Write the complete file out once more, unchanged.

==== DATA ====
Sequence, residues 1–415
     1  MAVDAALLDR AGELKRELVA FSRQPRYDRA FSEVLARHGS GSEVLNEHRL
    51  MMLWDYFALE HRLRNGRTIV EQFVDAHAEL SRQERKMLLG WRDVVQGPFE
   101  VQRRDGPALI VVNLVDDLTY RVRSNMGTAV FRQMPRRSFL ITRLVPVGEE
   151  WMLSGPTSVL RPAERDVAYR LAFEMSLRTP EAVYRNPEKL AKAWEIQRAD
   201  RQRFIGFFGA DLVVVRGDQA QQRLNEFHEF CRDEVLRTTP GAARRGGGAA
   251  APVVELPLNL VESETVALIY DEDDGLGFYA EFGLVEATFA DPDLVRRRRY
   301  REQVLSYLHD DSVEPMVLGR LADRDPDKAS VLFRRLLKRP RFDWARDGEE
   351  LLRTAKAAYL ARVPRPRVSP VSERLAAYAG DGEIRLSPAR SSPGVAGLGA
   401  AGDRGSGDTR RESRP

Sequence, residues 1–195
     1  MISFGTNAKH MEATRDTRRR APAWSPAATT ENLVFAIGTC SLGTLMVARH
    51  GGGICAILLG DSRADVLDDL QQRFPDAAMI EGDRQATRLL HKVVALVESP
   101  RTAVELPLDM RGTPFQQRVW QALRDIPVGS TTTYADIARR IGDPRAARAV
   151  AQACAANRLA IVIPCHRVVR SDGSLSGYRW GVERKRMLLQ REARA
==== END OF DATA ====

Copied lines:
Sequence, residues 1–415
     1  MAVDAALLDR AGELKRELVA FSRQPRYDRA FSEVLARHGS GSEVLNEHRL
    51  MMLWDYFALE HRLRNGRTIV EQFVDAHAEL SRQERKMLLG WRDVVQGPFE
   101  VQRRDGPALI VVNLVDDLTY RVRSNMGTAV FRQMPRRSFL ITRLVPVGEE
   151  WMLSGPTSVL RPAERDVAYR LAFEMSLRTP EAVYRNPEKL AKAWEIQRAD
   201  RQRFIGFFGA DLVVVRGDQA QQRLNEFHEF CRDEVLRTTP GAARRGGGAA
   251  APVVELPLNL VESETVALIY DEDDGLGFYA EFGLVEATFA DPDLVRRRRY
   301  REQVLSYLHD DSVEPMVLGR LADRDPDKAS VLFRRLLKRP RFDWARDGEE
   351  LLRTAKAAYL ARVPRPRVSP VSERLAAYAG DGEIRLSPAR SSPGVAGLGA
   401  AGDRGSGDTR RESRP

Sequence, residues 1–195
     1  MISFGTNAKH MEATRDTRRR APAWSPAATT ENLVFAIGTC SLGTLMVARH
    51  GGGICAILLG DSRADVLDDL QQRFPDAAMI EGDRQATRLL HKVVALVESP
   101  RTAVELPLDM RGTPFQQRVW QALRDIPVGS TTTYADIARR IGDPRAARAV
   151  AQACAANRLA IVIPCHRVVR SDGSLSGYRW GVERKRMLLQ REARA